Thawed PBMCs were stimulated during a 10-day culture with irradiated autologous PBMCs pulsed with fluMP, Melan-A or NY-ESO-1 peptides respectively at a 1:1 ratio with the addition of IL-2 and IL-15 cytokines. PBMCs from healthy donors were stimulated with fluMP peptides while PBMCs from patients with a history of melanoma were stimulated with Melan-A or NY-ESO-1 peptides. Binding of the T cell population to fluMP/HLA-A*0201 tetramer, Melan-A/HLA-A*0201 tetramer and NY-ESO-1/HLA-B*3501 tetramers confirmed expansion of fluMP, melan-A and NY-ESO-1 antigen-specific T cells. The percentages of fluMP/HLA-A*0201 tetramer, Melan-A/HLA-A*0201 tetramer and NY-ESO-1/HLA-B*3501 tetramers were increased after the in vitro stimulation (Fig 1A). FluMP, Melan-A and NY-ESO-1 tetramer-reactive T cells underwent expansion from baseline by 42±8.4, 46±12.7 and 40±15.6 fold respectively (Fig 1B).
NY-ESO-1 specific T cells from a melanoma patient who was NY-ESO-1 seropositve were stimulated during a 10-day culture with irradiated autologous PBMCs pulsed with a pool of 20-mer overlapping peptides spanning the entire NY-ESO-1 protein in the presence of three different cytokine combinations: IL-2 + IL-7; IL-2 + IL-15 and; IL-2 + IL-7 + IL-15. The combination of IL-2 and IL-15 led to a greater expansion of NY-ESO-1 tetramer-reactive CD8+ T cells than the combination of IL-2 and IL-7 (Fig 2A and 2B). There was no further increase with the addition of IL-7 to IL-2 plus IL-15. A similar expansion pattern was observed for flu-MP tetramer-reactive T cells (data not shown) while there did not appear to be a significant difference in expansion between any of the cytokine conditions for Melan-A tetramer-reactive CD8+ T cells (Fig 2B).
We also explored if irradiation of the peptide-pulsed autologous PBMCs prior to culture with effector cells affected the expansion of tetramer-reactive CD8+ cells. Irradiated Melan-A peptide-pulsed PBMCs produced a significantly greater expansion of Melan-A tetramer-reactive CD8+ T cells than PBMCs that were pulsed without subsequent irradiation (Fig. 3). Irradiation had a similar impact on the expansion of fluMP and NY-ESO-1 antigen-specific CD8+ T cells (data not shown).
We next determined whether different cytokine combinations in the culture medium favored specific effector and central memory T cell populations. Flow cytometry confirmed that T cells could be separated into four subsets – naïve, TCM, TEM and TEMRA – based on CD45RA and CCR7 labeling. The proportion of CD4+ and CD8+ T cells belonging to each of these four populations was similar in the three different culture conditions with IL-2, IL-7 and/or IL-15 after 10-day culture (data not shown).
We also examined whether the cytokines used for in vitro stimulation affected the profile of tetramer-reactive CD4+ and CD8+ T cells after 10-day culture. The proportions of fluMP, Melan-A and NY-ESO-1 tetramer-positive cells bearing effector and central memory phenotypes were similar irrespective of culture cytokine conditions (Fig 4A, 4B). Finally, it has been suggested that CD27 and CD28 can further identify subpopulations within the four effector/central memory groups. In the CD8+ CD45RACCR7- population, four separate subsets – EM1, EM2, EM3 and EM4 – could be identified and exhibited similar frequencies among the three different culture conditions.
In addition, we also examined the frequencies of the four EM subpopulations at baseline and at Days 10 and 14. These frequencies remained approximately the same at each time-point, with the EM1 subset comprising approximately 50% of the population. The similar proportions at all three time-points suggest that there was no preferential expansion of any subpopulation.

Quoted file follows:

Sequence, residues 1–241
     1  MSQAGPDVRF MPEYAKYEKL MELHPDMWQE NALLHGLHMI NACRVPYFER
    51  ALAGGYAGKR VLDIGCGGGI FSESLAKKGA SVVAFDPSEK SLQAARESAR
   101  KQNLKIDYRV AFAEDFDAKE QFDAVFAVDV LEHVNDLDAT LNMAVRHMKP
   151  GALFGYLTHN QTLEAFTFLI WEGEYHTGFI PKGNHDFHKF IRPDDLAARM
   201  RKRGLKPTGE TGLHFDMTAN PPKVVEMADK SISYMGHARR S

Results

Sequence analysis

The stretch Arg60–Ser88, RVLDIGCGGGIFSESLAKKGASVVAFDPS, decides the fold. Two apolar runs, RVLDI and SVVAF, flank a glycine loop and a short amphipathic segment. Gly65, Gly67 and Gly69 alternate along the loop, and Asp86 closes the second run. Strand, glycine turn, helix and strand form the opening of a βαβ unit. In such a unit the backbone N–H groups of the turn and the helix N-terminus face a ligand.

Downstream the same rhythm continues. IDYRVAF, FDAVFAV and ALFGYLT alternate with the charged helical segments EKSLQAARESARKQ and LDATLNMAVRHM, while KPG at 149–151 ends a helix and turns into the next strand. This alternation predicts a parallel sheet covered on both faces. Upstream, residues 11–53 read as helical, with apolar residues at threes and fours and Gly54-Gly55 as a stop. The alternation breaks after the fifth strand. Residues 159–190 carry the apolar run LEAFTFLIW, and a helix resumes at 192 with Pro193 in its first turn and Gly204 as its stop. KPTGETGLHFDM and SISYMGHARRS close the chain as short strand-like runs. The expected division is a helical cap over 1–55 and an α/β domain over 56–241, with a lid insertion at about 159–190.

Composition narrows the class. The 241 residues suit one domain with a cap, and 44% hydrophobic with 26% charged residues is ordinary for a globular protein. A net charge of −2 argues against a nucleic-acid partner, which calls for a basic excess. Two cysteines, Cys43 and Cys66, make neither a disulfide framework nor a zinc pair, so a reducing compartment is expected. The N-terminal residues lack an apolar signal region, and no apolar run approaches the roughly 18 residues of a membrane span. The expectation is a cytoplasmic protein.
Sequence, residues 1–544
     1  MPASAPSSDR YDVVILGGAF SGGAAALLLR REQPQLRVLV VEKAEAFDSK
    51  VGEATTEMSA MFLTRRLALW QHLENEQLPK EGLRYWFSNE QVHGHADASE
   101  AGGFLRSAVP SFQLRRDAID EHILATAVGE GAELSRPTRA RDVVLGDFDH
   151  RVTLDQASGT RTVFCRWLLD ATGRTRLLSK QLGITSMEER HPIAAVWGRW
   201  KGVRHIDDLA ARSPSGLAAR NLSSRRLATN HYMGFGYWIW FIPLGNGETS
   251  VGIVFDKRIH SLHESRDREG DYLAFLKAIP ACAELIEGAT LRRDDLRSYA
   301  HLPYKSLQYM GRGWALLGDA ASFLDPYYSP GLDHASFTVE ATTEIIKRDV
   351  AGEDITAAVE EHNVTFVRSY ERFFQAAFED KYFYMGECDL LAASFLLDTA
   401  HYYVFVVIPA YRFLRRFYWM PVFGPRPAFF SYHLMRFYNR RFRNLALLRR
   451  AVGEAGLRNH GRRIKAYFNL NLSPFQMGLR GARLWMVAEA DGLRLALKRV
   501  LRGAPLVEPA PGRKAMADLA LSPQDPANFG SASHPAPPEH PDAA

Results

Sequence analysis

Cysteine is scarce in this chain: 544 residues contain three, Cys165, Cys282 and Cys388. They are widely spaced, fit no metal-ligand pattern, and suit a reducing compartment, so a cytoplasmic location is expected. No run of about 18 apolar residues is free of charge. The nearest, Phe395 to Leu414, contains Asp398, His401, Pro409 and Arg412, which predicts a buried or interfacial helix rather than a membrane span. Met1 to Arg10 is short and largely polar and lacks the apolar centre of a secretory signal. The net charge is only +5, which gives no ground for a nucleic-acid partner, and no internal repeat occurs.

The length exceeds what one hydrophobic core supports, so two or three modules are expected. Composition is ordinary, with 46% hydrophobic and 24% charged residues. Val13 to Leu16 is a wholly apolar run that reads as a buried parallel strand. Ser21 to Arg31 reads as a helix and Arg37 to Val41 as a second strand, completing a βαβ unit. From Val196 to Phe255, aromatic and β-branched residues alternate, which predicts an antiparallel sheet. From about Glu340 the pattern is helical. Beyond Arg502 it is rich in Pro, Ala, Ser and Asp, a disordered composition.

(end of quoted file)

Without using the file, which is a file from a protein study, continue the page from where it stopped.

We proceeded to study the kinetics of antigen-specific T cell expansion by using PBMCs from melanoma patients. The frequency of Melan-A and NY-ESO-1 tetramer-reactive CD8+ T cells peaked at Day 10 and appeared to decline after Day 15 (data not shown). These results are consistent with our previous study, in which the peptide-pulsed K562-A*0201 cell line was used as the APC for cell culture.
We noted that beyond 10 days of in vitro culture, the proportion of TEM (CCR7-CD45RA-) cells at Day 14 had increased compared to the baseline and Day 10 values. Dot plots from a representative experiment (Fig 5A), as well as the average percentage of CCR7-CD45RA- tetramer-reactive CD8+ T cells from four independent experiments, are shown (Fig. 5B). Overall, these observations support an ideal cell culture time of 10 days, with a longer culture time favoring the expansion of the TEM population but a lower level of overall T cell expansion.
One advantage of using autologous APCs is the potential ability to assess both CD4+ and CD8+ T cell responses. PBMCs from a NY-ESO-1 serum antibody positive patient were analyzed by intracellular polyfunctional cytokine staining after a 10-day culture. Both CD4+ and CD8+ IFN-γ+ T cells that were polyfunctional were detected (Fig 6A). These IFN-γ+ T cells also secreted TNF-α, MIP-1β and IL-2. The total frequencies of NY-ESO-1 specific CD4+ and CD8+ T cells were calculated by summing the frequencies of CD4+ and CD8+ T cells within each unique combination of functions. Thus, each responding cell was only counted once. The representative pie and bar charts summarize the results of three independent experiments (Fig 6B).
In this paper, we present a protocol for the in vitro culture of human T cells obtained from peripheral blood with stimulation by peptide-pulsed autologous irradiated PBMCs. Our data support that this is a robust and reproducible system that reliably expands the frequency of precursor T cells present in the peripheral blood proportionally.
Many other T cell culture methods have been described in the literature. Notable examples include a similar protocol using autologous PBMCs as the APC, as reported by Jackson et al . An important difference from our protocol is the fact that the peptide-pulsed autologous PBMCs were not irradiated. Instead, peptide was added to the entire PBMC population without subsequent irradiation. The authors did note that irradiation of peptide-pulsed PBMCs facilitated T cell expansion but only if <50% of the entire cell population was irradiated, which would be consistent with our observation. The mechanism by which irradiation of the peptide-pulsed APCs leads to increased T cell expansion is unclear but is presumably related to augmentation of antigen-presentation and/or the generation of a mitogenic signal.